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First satellite launched by Bangladesh

It was successfully deployed at Bangladesh's specified orbit slot "within 36 minutes" of the launch and two ground stations in Bangladesh received test signals from it, said State Minister for Information and Communication Technology Division Zunaid Ahmed Palak at the Kennedy Space Centre in the US.

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In September 2016, Bangladesh signed a 14 billion taka ($180 million) loan agreement with Hong Kong and Shanghai Banking Corporation (HSBC) to finance the country's first-ever satellite.
Satellite, pixabay
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Bangladesh launched its first satellite, “Bangabandhu-1”, on Saturday, becoming the 57th nation in the world and fourth in South Asia after India, Pakistan, and Sri Lanka to own a satellite.

A SpaceX Falcon 9 rocket lifted the communication satellite, named after the Bangladesh founder, early in the morning from Cape Canaveral in Florida, bdnews24 reported.

It was successfully deployed at Bangladesh’s specified orbit slot “within 36 minutes” of the launch and two ground stations in Bangladesh received test signals from it, said State Minister for Information and Communication Technology Division Zunaid Ahmed Palak at the Kennedy Space Centre in the US.

The launch was telecast live in Bangladesh, with experts saying it will serve as a milestone in the telecommunication sector.

“The satellite will be a great addition to our Information Technology heralding our entry into the Satellite Club of the world,” said Bangladeshi Prime Minister Sheikh Hasina in a message.

"The satellite will be a great addition to our Information Technology heralding our entry into the Satellite Club of the world," said Bangladeshi Prime Minister Sheikh Hasina in a message.
Bangladesh, pixabay

“The Bangabandhu Satellite-1 will certainly bring revolutionary changes in our broadcast and telecommunications sector. With this launching, we’ve hoisted the Bangladesh flag in the space… entered a new era.”

She thanked the satellite building and launching company, the US and the French governments for their support. Hasina also praised Russia for renting its orbital slot to Bangladesh.

Experts said that the country’s first geostationary communication satellite will give extra space to the digitization process. It will help expand Internet and telecommunication services in remote and rugged areas which still remained beyond the coverage.

Once the satellite becomes active at its orbital slot, it will be reportedly controlled from three stations in the US, Italy and South Korea for about a month. Finally, the satellite will be controlled and maintained from ground stations in Bangladesh.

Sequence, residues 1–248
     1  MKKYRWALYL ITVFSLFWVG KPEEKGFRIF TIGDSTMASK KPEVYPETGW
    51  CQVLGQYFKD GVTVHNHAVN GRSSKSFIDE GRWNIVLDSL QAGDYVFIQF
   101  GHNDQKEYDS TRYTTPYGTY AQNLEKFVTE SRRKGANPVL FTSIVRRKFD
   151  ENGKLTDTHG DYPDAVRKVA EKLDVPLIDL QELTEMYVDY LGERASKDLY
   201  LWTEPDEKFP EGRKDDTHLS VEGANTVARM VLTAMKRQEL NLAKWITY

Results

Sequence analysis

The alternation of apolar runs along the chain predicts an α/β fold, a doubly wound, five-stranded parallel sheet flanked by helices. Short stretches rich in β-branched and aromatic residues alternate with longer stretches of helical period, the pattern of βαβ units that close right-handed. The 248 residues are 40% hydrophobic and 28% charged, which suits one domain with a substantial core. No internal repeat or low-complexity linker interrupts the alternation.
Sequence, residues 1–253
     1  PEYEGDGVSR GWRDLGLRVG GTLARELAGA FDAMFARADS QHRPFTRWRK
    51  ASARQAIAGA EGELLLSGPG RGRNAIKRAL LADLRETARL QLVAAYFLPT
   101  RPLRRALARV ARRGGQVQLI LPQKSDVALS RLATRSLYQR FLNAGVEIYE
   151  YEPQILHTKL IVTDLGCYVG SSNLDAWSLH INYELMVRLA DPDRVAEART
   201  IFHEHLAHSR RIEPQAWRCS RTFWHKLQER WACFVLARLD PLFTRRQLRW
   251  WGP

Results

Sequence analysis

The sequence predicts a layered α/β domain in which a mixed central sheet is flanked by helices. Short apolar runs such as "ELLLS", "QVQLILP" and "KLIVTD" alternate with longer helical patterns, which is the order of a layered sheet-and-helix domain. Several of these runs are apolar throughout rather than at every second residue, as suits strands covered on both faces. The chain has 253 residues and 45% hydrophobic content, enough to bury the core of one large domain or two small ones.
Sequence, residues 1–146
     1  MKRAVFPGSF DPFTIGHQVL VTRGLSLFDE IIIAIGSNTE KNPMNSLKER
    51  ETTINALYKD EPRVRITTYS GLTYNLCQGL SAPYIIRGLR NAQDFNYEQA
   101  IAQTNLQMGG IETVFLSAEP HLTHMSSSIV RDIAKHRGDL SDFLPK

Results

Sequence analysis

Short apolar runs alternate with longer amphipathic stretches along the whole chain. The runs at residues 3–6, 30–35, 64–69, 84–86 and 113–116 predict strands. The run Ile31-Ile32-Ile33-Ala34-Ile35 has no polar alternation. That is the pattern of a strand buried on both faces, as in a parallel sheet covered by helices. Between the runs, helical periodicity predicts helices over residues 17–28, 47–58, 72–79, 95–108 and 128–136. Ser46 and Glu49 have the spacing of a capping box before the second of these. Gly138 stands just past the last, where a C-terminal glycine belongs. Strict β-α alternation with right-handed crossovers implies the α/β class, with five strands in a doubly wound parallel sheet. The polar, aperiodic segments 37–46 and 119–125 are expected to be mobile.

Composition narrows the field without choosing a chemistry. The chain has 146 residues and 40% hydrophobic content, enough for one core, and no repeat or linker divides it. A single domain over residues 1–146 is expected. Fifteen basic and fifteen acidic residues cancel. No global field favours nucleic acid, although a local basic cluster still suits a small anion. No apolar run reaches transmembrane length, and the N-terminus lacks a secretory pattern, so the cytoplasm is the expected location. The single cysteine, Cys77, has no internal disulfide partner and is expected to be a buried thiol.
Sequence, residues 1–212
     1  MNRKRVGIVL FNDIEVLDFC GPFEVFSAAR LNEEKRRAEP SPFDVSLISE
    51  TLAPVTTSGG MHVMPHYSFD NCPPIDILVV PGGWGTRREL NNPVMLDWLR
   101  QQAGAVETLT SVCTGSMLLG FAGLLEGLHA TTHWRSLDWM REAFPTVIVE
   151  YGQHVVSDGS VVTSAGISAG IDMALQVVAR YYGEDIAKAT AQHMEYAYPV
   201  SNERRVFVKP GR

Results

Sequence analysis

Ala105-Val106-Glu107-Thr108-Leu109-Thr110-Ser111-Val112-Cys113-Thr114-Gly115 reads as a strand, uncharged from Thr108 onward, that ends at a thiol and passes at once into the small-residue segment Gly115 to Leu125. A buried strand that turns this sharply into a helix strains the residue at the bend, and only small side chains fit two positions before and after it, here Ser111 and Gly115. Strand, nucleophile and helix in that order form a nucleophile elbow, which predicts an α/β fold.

In September 2016, Bangladesh signed a 14 billion taka ($180 million) loan agreement with Hong Kong and Shanghai Banking Corporation (HSBC) to finance the country’s first-ever satellite.

Also Read: New Study Shows That Binaries From Globular Clusters Can be Detected by LISA 

In November 2015, Bangladesh signed a 19.51 billion taka ($248 million) deal with French firm Thales Alenia Space for the satellite project.

The Bangladeshi government also purchased a 119.1 east longitude orbital slot from Russia-based Intersputnik for 15 years for $28 million. (IANS)

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ISS Launched First satellite For Cleaning Space Junk

The Britain-built satellite, named RemoveDEBRIS mission

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ISS Launched First satellite For Cleaning Space Junk
ISS Launched First satellite For Cleaning Space Junk, pixabay

The first-ever satellite to test possible solutions in cleaning up space junk has been deployed by the International Space Station (ISS) and would soon begin experiments in orbit.

The Britain-built satellite, named RemoveDEBRIS mission, is one of the world’s first attempts to tackle the build-up of dangerous space debris orbiting the Earth, the British space agency said in a statement late on Friday.

The 100-kg RemoveDebris spacecraft will attempt to capture simulated space debris using a net and a harpoon while also testing advanced cameras and radar systems.

The experiment is important as there are thousands of pieces of space debris circulating the planet, many travelling faster than a speeding bullet, posing a risk to valuable satellites and even the International Space Station itself, the report stated.

Once the experiments are complete, it will unfurl a drag sail to bring itself and the debris out of orbit, where it will burn up as it enters the earth’s atmosphere.

satellite
satellite, Pixabay

“If successful, the technologies found in RemoveDEBRIS could be included in other missions in the very near future,” said Guglielmo Aglietti, Professor at the University of Surrey.

The RemoveDEBRIS mission is led by the varsity and built by the world’s leading small satellite manufacturer Surrey Satellite Technology Limited (SSTL), with technology on board designed by Airbus.

Also read: NASA’s Dawn Mission- New Orbit, New Opportunities

It was launched on a SpaceX Dragon spacecraft from Florida in April. (IANS)